CAFTA investor rules will make it impossible for governments in Central America and the US to give preferences to public service providers. Under CAFTA, domestic regulations protecting people’s right to food, education, health, and basic utilities could be considered “barriers to trade” and open to challenges by multinational corporations. CAFTA would require that governments bid out for services contracts, resulting in price increases, reduced access, and compromised quality that would most severely impact the vulnerable in our society, such as children, the poor, and the elderly.
6. CAFTA Expands Corporate Power
CAFTA would expand NAFTA rules that allow corporations to sue governments over any law that might stand in the way of their ability to profit. These rules have already been used 27 times since 1994 to challenge some of our most cherished public health, workplace safety and environmental laws. The threat of being sued forces governments to either pay large fines or to pass only pro-business legislation.
7. CAFTA Undermines Public Health
CAFTA provisions to protect and expand the patent monopolies of US pharmaceutical companies in Central America will undermine access to affordable generic AIDS drugs and increase the price of medicines. Meanwhile, hundreds thousands of HIV-positive Central Americans are in immediate need of treatment or else they will die. Of the six Latin American countries with the highest prevalence of HIV, four are Central American.
8. CAFTA is a Stepping Stone to FTAA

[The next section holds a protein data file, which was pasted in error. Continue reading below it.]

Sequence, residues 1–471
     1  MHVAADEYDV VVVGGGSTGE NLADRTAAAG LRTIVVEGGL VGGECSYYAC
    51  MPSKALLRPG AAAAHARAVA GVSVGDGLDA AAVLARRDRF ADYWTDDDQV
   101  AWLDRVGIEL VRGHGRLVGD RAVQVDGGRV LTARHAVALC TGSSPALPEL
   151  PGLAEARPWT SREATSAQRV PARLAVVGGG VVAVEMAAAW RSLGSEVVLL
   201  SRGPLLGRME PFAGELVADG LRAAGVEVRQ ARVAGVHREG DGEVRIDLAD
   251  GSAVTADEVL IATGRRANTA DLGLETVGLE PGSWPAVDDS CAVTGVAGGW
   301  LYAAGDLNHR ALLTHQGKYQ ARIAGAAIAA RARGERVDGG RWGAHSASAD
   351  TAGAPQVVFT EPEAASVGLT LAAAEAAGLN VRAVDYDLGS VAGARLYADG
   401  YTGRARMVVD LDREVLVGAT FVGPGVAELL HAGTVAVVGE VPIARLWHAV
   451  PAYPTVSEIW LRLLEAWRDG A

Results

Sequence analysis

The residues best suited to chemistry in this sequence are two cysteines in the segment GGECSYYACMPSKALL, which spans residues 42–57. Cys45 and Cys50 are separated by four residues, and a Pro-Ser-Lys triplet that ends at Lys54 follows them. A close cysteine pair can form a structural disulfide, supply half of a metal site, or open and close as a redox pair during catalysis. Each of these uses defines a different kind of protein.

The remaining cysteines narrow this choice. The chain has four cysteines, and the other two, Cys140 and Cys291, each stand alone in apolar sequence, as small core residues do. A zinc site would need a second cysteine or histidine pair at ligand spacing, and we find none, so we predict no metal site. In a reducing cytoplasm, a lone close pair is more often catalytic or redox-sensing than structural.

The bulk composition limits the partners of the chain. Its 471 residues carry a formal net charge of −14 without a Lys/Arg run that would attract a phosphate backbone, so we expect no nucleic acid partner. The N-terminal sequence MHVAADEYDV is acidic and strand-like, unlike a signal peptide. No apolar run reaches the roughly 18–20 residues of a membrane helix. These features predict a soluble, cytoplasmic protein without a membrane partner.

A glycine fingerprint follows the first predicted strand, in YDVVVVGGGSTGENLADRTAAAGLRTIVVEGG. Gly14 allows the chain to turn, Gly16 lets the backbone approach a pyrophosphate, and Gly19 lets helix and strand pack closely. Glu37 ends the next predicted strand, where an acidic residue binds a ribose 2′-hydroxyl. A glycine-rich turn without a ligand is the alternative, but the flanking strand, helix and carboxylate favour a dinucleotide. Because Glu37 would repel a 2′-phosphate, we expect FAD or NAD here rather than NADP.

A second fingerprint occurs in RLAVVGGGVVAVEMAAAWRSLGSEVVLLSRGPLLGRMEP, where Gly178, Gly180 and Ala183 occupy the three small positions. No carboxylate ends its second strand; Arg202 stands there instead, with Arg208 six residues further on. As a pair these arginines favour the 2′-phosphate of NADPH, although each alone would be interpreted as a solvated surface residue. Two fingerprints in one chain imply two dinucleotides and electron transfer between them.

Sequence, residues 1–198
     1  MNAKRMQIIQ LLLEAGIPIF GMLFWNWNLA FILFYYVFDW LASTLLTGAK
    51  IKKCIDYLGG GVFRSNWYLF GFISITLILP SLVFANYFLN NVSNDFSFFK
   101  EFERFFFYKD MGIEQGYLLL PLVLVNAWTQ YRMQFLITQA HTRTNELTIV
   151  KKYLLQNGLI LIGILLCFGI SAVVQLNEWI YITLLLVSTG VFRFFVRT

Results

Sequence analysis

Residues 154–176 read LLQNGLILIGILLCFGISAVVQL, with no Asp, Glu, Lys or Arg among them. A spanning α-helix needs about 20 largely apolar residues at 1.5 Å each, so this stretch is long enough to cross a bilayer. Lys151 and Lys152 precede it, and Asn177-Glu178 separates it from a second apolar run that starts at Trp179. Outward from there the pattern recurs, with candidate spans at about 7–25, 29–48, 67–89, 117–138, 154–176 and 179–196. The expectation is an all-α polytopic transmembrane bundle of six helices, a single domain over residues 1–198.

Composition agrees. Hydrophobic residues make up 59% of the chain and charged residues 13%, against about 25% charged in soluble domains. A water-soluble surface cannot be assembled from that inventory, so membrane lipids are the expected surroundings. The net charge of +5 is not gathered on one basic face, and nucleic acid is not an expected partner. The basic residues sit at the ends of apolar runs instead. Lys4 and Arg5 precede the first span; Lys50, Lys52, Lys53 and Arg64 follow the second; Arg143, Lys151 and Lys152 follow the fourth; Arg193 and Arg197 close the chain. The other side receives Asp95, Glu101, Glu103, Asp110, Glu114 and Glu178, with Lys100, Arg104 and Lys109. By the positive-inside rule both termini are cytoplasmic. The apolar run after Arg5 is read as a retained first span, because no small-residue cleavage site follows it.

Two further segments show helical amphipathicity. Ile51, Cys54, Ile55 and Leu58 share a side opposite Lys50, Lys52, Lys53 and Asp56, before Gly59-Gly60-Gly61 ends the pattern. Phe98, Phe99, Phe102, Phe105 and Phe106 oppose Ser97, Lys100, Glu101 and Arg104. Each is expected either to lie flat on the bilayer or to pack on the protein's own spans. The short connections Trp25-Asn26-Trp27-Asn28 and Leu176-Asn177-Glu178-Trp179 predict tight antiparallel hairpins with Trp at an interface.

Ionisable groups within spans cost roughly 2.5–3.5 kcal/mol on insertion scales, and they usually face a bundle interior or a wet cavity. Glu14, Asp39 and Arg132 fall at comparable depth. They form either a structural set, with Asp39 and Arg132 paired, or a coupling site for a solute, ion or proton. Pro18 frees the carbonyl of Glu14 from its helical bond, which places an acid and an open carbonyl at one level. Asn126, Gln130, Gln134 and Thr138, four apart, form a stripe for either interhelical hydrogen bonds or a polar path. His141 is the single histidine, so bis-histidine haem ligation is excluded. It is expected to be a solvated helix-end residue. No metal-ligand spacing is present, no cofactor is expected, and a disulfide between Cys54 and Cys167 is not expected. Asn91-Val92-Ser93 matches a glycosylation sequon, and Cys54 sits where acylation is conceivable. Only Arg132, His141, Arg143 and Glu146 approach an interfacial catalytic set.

Passing CAFTA would be a strategic first step towards the larger, Free Trade Area of the Americas (FTAA). The FTAA would include every country in Latin America, and the Caribbean except Cuba. Talks on the FTAA have collapsed in recent months following sustained pressure from the governments of Brazil, Venezuela, and other South American and Caribbean nations. By bullying its smaller CAFTA trading partners into accepting dangerous rules on services, while altogether excluding the issue of agriculture, the Bush Administration hopes to divide the growing coalition of developing countries that oppose it and set a dangerous precedent for its position on FTAA.
9. Opposition is Building
Thousands have been organizing to defeat CAFTA throughout Central America and the U.S. with mass mobilizations in Managua, San Salvador, and San Jose and pickets at the negotiations in Cincinnati, Houston New Orleans, and Washington DC. Following on recent setbacks for the WTO in Cancun and the FTAA in Miami fair trade forces are poised for yet another victory. The defeat of CAFTA could set back the already reeling FTAA process, perhaps for good.
10. We Can Win!
Despite tremendous popular opposition to CAFTA in Central America, it seems clear that most effective way to defeat the agreement will be in the US Congress. Members of Congress have been hearing a lot from their constituents about the negative impacts of free trade. Now more than ever its important that you tell your congressperson to say no to CAFTA and yes to Fair Trade!